I first fell in love with this story fourteen years ago while on a date with the woman who would two years later birth my son. I was nineteen, a sophomore at Texas A&MUniversity, only a year removed from my working class hood—experiencing a little bit of black middle class life as a first generation college student at a predominately white institution.
I, like many other black folks, anticipated what this story would depict about black life—love, romances, successes, friendships, faith, hopes, and “respectability”—; therefore, we packed theaters across the country to see the story and later we continued to support it through DVD purchases.
I guess the anticipation was grounded in a need to see a “positive” and nuanced depiction of black life, particularly one that highlighted black success, black opulence, and black love. It was a relief from the grimy tales that captured some of the dark realities of black life, black dysfunction, or those scripts that poked fun at it or totally got it wrong. For the black middle class and those striving to be, this narrative represented pieces of their life or a life that they hoped for.
Or maybe this was just my experience?
It was films like The Best Man (1999) that showed me a life that I had no knowledge of, but a life that I was socialized to strive for. It looked much different from whence I came, and I knew, sitting in that theater, that it was a life, at least pieces of it, that I would attain. And though it was not a perfect story, it had a happy ending for black bodies that looked like mine, and that was enough for me.
I found myself trying to figure out which character I was most like (a mix of Harper and Murch) and which woman I would want to be with (a mix of Robin and Jordan). I imagined success in some corporate job that allowed me to have a nice condo or town home and the ability to travel at will. I thought about reunions with my friends and weddings where we would dance to tunes that were popular during our college days. I even wondered whom I would choose as my best man once the opportunity came for me to be married.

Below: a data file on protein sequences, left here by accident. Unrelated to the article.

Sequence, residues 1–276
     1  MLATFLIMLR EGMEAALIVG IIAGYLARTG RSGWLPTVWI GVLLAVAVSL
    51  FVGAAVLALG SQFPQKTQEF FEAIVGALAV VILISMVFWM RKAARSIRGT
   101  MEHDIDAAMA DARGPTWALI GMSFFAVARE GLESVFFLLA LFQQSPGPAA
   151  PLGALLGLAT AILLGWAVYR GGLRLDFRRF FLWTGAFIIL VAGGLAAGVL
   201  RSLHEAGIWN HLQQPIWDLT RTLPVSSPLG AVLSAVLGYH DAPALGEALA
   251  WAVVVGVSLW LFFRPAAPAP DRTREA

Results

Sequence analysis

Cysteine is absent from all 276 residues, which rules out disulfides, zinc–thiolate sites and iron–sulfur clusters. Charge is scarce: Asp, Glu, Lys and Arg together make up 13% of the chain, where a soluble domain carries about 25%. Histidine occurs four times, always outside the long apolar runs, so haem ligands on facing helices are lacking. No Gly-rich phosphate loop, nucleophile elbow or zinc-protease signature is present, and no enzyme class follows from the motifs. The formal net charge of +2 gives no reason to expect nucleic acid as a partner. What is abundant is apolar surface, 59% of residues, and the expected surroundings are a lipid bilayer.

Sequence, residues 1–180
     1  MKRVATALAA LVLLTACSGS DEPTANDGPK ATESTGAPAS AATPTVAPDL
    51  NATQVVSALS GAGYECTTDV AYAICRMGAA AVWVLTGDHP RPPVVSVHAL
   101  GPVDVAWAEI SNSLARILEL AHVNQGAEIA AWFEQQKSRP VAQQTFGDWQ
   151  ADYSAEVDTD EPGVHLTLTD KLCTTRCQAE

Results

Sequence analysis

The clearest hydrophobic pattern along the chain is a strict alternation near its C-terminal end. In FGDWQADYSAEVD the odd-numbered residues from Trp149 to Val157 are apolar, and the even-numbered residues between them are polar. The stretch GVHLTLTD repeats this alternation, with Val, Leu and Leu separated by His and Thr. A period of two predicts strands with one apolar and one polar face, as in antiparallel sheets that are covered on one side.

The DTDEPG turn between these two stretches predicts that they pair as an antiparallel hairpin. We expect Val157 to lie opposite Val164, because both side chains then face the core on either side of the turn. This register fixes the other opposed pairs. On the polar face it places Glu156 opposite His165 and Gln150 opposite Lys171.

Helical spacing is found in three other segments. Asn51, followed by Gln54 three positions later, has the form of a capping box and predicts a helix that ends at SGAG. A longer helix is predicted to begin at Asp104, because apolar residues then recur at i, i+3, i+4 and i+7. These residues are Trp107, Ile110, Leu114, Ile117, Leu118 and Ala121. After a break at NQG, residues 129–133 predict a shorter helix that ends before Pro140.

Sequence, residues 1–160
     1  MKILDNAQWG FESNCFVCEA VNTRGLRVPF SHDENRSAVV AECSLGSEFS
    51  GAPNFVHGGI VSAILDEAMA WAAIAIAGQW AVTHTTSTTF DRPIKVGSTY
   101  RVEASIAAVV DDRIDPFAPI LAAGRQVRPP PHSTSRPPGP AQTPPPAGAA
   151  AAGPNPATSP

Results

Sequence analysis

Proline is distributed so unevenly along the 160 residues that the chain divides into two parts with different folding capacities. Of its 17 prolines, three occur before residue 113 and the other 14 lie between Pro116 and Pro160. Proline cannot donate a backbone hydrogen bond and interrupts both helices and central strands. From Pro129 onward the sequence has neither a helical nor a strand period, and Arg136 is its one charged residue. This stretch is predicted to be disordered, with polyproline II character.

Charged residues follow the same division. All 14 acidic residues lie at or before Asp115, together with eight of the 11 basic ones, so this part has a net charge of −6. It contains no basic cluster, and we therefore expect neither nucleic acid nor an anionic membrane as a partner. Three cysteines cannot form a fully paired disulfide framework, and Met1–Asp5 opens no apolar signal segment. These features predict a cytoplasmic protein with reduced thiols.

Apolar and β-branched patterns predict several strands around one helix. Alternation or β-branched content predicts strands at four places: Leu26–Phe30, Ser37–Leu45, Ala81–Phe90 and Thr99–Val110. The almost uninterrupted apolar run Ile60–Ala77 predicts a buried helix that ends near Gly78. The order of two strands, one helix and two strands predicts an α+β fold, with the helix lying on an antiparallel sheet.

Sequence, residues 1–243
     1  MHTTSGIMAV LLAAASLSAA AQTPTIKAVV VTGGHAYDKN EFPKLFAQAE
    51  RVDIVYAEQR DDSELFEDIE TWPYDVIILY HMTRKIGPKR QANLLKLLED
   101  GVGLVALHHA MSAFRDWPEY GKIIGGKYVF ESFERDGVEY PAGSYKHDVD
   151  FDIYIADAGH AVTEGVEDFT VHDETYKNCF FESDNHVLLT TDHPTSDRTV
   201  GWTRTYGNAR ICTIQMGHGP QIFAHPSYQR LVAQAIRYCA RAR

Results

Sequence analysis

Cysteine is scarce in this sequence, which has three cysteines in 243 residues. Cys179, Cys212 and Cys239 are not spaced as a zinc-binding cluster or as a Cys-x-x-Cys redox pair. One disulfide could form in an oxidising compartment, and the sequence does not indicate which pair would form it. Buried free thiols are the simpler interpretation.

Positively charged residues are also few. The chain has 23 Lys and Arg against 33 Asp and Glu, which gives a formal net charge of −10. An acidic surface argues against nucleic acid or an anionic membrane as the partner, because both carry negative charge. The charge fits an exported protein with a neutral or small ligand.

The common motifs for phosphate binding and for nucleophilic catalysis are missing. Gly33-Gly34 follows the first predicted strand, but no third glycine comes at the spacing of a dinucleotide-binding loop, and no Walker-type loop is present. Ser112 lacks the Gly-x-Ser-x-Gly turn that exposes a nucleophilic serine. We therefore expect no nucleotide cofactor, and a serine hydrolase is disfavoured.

Looking back over the last fourteen years, I can say that I have had the opportunity to experience much of what the film portrayed. I have great friends, I’ve loved, I’ve enjoyed romances, I became a father, I married, I’ve gained a few stamps on my passport, I’ve had a few “successes,” I’ve explored life, and I’ve had the opportunity to help a lot of people.
But like the mother in the Langston Hughes poem, these last fourteen years “ain’t been a crystal stair.”I’ve experienced depression, been suicidal, divorced, experienced “baby mama drama,” failed, effed up, gained some weight, hurt some people, lost jobs, lost everything, given up, and started over. Stuff that I am sure we would have seen our favorite characters experience had the movie become a television series. Why? Because shappens (shit happens), and life, particularly black life, is complicated and messy.
I am glad that the dark and nasty parts of my life have not been projected on a screen for everyone to view as the only representation of me. To do so for my life, your life, or black life in general would be misleading and down right wrong. Yet, I find it equally wrong to only portray the good, beatific, and pretty pictures of my life, your life, or black life because truth be told sometimes (or all the time for many) we sing “This can’t be life, there’s gotta be me more,” or “Shit, Damn, Motherfucker.”
I went back tonight. I went back to the theater to see what life had been like for the characters that I fell in love with years ago. How had they progressed? What had they overcome? How did they love now? How would grown and sexy be shown for people more mature with more responsibilities and with more life behind them?